"The Tuvalu Islands are not shrinking and will not slip beneath the waves."

And of course, all climate scientists are morons, all oceanographs as well, and you known it better.

You know what? The credibility of such assertions is about zero on a decent science forum like here.

There are plenty of more efficient places for such claims.

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Can you provide data showing that the land area of the Tuvalu Islands is decreasing? Can you show data that crop production is decreasing? I'm not against renewable energy. If renewable energy can compete with other sources of energy it will be used. If renewable energy relies on government subsidies then we are choosing poverty over prosperity. Why make that choice?

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Can you provide data showing that the land area of the Tuvalu Islands is decreasing? Can you show data that crop production is decreasing? I'm not against renewable energy. If renewable energy can compete with other sources of energy it will be used. If renewable energy relies on government subsidies then we are choosing poverty over prosperity. Why make that choice?

 

 

I have already provided one link that says the sea is rising. Consequently, beaches everywhere are being covered by the sea. Unless Tuvalu is rising from the sea, it must be diminishing is area. The only pictures I know of are taken by Tuvalu residents, which some would question as not being objective. However, Wikipedia has this to say, "The 2011 report of the Pacific Climate Change Science Program published by the Australian Government, concludes: 'The sea-level rise near Tuvalu measured by satellite altimeters since 1993 is about 5 mm per year.'" See:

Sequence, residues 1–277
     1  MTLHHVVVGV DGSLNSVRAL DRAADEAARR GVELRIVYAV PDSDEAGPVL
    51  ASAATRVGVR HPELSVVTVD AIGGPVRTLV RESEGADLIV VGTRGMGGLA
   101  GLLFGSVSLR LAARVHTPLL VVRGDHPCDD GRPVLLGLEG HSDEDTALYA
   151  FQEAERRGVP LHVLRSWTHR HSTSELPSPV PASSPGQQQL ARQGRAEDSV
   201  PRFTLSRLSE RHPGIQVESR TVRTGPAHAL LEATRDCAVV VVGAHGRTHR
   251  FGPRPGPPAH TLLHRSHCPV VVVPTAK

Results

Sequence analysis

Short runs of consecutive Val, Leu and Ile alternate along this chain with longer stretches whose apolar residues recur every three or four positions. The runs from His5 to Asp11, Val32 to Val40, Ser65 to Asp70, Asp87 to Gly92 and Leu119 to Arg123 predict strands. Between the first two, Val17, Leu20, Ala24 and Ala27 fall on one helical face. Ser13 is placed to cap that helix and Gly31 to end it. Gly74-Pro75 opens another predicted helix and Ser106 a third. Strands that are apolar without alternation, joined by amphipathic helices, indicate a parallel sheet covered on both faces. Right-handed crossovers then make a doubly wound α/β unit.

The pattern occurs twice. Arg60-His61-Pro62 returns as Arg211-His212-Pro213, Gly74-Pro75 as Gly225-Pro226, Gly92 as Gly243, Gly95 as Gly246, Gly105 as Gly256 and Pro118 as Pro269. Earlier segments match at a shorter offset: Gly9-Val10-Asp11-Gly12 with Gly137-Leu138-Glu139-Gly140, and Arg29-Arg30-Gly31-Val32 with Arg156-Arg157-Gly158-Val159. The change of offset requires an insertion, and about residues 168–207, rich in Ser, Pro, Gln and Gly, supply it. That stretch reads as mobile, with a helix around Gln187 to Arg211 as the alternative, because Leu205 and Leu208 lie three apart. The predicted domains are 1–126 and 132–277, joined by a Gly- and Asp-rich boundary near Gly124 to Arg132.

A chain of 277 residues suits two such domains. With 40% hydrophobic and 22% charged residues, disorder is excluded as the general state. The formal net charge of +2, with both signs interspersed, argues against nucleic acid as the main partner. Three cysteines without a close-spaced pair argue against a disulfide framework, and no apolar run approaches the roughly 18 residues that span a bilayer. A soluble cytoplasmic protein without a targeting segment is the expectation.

https://en.wikipedia.org/wiki/Tuvalu#The_effects_of_climate_change.2C_El_Ni.C3.B1o_and_La_Ni.C3.B1a

 

Tuvalu pics: http://www.tuvaluislands.com/

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Can you provide data showing that the land area of the Tuvalu Islands is decreasing?

 

It helps if you provide context instead of just parroting what you've heard on denialist blogs like wattsupwiththat.

 

http://www.skepticalscience.com/Whats-Happening-To-Tuvalu-Sea-Level.html

"[Land] subsidence adds an additional 10% to the total sea level rise experienced at Tuvalu."

 

Can you show data that crop production is decreasing?

 

Yes. Here's four. There are many more that address your request more than handily, though.

 

http://www.sciencemag.org/content/333/6042/616.abstract

http://www.scientificamerican.com/article.cfm?id=climate-change-impacts-staple-crop-yields

http://rstb.royalsocietypublishing.org/content/360/1463/2125.full

http://www.ncbi.nlm.nih.gov/pmc/articles/PMC1569568/

 

Of renewable energy relies on government subsidies then we are choosing poverty over prosperity. Why make that choice?

 

Except, even oil itself relies on government subsidies, so perhaps a better question is why you would ever favor subsidizing dirty finite fuels over clean and renewable ones. Simply exchanging existing stupid subsidies for smarter ones in a 1:1 manner would not logically result in a net increase in poverty as you have just suggested above.

Edited by iNow
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Who are "they"?

The various local media (newspaper and television news) repeated the story with some experts somewhere stating the ten year dead line. Everyone was waiting in 2 hr+ gas lines and getting 5 gallons. This was 6 years after the 1973 oil crises. People were primed for hysteria. I was a senior in high school, I remember that prediction was repeated to me several times. My brother in-law sold his pride and joy 1975 Trans Am H.O. 455 for dirt cheap because of that story.